Baseball's Biggest Tragedy: Pete Rose

Pete Rose on the cover of Time Magazine (Image: Sportable.com)

We have now arrived at the greatest Red of all-time. With Morgan, Robinson, and Bench off the board only one man remains. Baseball’s hit king, charlie hustle: it’s Pete Rose.

Perhaps the greatest hitter of all-time, he is known for the most prestigious record in baseball: more hits that anyone else in the history of the game.

Pete Rose said, “I’d walk through hell in a gasoline suit to play baseball.” Pete loved the game. He gave each day his full effort because he believed that the game of baseball deserved it, and for all those who played with him, they found his love of the game infectious.

I need not post his stats from baseball reference or make an argument to justify his being placed as the greatest Red of all-time. Instead, I think I would be doing the Reds family an injustice if I did not take this opportunity to write about baseball’s biggest tragedy, Pete Rose not being in the Hall of Fame.

Pete’s manager for the Big Red Machine was Sparky Anderson. Anderson was as intense as any that have ever managed and does not throw around praise lightly. For Anderson to say, “Pete Rose is baseball” should mean something to not only Reds fans but to all who have ever loved this game.

As Pete Rose walked through downtown Cincinnati in 2010 before he was to make a rare appearance on field at Great American Ballpark to honor his record-breaking hit, fans from everywhere came up to Rose to show their support. Each lamented the one honor that has not been given to Rose: induction into the Hall of Fame. That night as Rose stood on first base and tipped his cap (Much like he did 25 years ago) Reds fans clapped, cheered, and gave Rose a standing ovation. The fans stood not because Rose was a great guy or even a guy that they always agreed with, but because he gave more to baseball then anyone has ever done during their playing career. The fans know that Rose has made mistakes in his life yet the chants of hall of fame still rang from the grandstands of Great American Ballpark.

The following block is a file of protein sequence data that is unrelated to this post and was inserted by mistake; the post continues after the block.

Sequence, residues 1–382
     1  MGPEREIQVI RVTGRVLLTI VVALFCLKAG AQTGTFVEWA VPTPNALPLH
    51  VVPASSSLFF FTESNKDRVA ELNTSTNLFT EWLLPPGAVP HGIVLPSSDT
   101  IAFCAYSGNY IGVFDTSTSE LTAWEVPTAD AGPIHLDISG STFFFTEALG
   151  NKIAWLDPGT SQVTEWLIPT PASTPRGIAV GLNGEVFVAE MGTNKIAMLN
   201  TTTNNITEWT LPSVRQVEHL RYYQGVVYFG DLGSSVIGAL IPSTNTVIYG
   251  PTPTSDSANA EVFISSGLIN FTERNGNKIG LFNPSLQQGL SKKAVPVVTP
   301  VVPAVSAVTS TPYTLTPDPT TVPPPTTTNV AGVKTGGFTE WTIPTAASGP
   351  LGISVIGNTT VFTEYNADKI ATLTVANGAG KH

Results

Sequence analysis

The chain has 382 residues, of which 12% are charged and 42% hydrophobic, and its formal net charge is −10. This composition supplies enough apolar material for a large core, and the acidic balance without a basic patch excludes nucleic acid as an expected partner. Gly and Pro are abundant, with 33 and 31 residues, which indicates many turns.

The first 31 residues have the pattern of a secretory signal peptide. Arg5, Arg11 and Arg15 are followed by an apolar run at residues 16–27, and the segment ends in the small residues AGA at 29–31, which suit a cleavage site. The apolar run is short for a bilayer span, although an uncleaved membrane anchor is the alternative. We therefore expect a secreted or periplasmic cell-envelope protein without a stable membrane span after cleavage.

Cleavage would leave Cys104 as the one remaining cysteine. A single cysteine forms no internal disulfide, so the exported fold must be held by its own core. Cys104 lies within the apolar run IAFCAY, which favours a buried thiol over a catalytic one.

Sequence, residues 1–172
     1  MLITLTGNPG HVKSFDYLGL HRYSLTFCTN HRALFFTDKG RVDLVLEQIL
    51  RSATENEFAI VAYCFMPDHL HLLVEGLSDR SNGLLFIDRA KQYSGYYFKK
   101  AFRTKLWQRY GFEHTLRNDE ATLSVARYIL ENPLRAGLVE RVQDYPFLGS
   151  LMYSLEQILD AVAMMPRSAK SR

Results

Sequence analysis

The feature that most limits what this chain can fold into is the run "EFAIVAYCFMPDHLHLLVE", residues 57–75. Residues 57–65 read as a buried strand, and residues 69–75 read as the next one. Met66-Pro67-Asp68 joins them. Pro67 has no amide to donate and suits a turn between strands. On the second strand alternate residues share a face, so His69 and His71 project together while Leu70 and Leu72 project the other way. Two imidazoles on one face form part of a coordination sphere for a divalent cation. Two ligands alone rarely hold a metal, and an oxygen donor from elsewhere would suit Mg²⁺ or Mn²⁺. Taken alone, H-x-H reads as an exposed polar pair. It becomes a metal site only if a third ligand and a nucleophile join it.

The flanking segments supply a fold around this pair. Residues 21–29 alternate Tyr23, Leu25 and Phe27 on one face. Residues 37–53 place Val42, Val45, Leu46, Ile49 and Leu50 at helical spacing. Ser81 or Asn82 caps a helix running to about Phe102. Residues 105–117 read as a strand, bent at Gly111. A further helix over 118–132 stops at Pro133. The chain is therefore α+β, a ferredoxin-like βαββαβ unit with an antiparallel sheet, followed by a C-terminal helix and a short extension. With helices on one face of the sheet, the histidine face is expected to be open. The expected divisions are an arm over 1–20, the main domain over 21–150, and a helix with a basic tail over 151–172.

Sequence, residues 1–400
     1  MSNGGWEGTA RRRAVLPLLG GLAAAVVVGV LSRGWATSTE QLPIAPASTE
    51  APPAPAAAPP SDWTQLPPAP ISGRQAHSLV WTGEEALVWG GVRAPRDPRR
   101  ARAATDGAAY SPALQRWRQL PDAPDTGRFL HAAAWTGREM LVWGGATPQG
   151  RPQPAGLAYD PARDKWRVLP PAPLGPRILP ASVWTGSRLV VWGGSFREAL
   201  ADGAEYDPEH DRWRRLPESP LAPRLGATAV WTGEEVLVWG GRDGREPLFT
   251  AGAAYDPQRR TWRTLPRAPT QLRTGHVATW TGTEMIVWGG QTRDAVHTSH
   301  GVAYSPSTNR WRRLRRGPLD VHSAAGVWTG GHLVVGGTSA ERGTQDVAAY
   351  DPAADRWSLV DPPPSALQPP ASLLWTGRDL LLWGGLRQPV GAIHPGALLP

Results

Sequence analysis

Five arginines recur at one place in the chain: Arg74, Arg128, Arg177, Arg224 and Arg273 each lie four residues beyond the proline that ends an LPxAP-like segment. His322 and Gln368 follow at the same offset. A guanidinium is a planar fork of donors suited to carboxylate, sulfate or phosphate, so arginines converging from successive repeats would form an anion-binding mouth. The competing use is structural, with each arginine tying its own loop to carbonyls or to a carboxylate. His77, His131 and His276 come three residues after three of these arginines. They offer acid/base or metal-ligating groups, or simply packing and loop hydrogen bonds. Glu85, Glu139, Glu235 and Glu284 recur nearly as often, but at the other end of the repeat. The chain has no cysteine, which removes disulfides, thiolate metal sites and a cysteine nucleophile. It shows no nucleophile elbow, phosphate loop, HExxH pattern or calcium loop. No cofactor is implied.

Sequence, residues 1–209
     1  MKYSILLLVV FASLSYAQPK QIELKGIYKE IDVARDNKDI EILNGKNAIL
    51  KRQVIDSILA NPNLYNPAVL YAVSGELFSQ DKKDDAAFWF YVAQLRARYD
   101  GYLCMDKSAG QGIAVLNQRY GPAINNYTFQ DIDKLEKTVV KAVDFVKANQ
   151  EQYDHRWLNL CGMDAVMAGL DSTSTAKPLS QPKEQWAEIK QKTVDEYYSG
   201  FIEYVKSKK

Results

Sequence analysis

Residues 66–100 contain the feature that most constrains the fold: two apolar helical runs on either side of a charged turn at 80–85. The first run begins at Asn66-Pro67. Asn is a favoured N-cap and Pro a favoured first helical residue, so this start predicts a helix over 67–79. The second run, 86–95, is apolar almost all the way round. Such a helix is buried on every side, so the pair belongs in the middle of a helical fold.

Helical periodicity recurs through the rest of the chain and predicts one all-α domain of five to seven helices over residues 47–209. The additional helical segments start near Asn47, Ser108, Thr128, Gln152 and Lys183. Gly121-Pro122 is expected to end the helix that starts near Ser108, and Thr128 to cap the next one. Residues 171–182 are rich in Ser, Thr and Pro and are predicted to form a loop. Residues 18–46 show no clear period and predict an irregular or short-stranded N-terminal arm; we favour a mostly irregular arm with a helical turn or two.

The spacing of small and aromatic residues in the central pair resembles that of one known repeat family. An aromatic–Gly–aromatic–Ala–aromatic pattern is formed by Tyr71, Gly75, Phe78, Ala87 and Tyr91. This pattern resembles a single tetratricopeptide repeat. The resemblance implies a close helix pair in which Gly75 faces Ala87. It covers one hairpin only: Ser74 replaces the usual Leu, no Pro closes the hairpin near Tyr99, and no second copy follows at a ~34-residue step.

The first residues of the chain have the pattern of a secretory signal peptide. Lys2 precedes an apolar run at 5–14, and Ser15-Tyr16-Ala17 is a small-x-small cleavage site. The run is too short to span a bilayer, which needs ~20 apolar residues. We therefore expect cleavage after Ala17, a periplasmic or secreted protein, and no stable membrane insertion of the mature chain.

Bud Selig should have taken note. Baseball is played for the fans, and through wars, depressions, and recessions baseball has been there for those that love it. Pete Rose loves it.

After being honored on the field, Rose teared up as he said, “I love the fans, I love the game of baseball, and I love Cincinnati baseball.”

After the ceremony to honor Rose, ESPN’s Buster Olney summed everything up perfectly. No one has ever been sent to Cooperstown based on “sportsmanship” or “character.”

Much debate has now arisen over whether Rose is more deserving of the Hall than players who have been linked to steroids. The simple answer is obvious: yes. Rose played the game on his own merit. Rose worked harder and played harder than anyone else who has ever played the game. Each hit was earned; each head first slide was a show of heart, and in every game his team won, Rose played a pivotal role.

Pete Rose honored in 2010 at Great American Ballpark (Image: Opiniononsports.com)

Pete Rose never took a drug to improve his performance, never needed a steroid to heal from an injury, and never lied to Congress. Yet his name remains left off of the Hall of Fame ballot while names like Palmeiro, Bonds, McGwire, and Pettitte will be placed on the ballot when they are eligible.

The fact that players that cheated the game and cheated other players, other teams, and the fans will be placed on the ballot over Rose is quite simply an embarrassment for the game that we and Rose love so much. Let me be clear: Rose should never be able to manage again or take a job with any Major League team, and Rose should continue to have to live with the consequences of the terrible choices he made because there is no place in baseball for gambling. However, taking steroids means cheating to achieve whatever you can in your career, and Rose got every hit based off his own hard work and talent.

Rose has made as many mistakes in his life as the Wall Street Big Wigs of the early 2000’s, but as they have been forgiven so should Rose. Let’s forgive but not forget. As fans, we can no more disown Mr. Rose than we can disown a member of our own family who has made mistakes in his or her life.

Compared to the harm and shame that so many players have brought to baseball in recent years (hello Roger Clemens and Barry Bonds), Rose’s punishment is almost a crime itself. So unfair the punishment compared to others that Rose should be apologized to for a failure by baseball to punish those who have actually harmed the game.

Now around the age of 70, it is time for baseball to back off of its most punished man. Rose has been shamed, and Major League Baseball has made it clear that it will not stand for betting on the game. There will always be a place in Pete Rose’s heart for the game that he has always loved, and it is time for there to be a place in the Hall for Pete Rose!

Tags: Andy Pettitte Barry Bonds Baseball's Biggest Tragedy Bud Selig Buster Olney Chicago Cubs Cincinnati Reds ESPN Hall Of Fame Hit Hit King Houston Astros Major League Baseball Milwaukee Brewers New York Yankees Pete Rose Pittsburgh Pirates Rafael Palmeiro Roger Clemens San Francisco Giants Sparky Anderson St Louis Cardinals Steroids Texas Rangers

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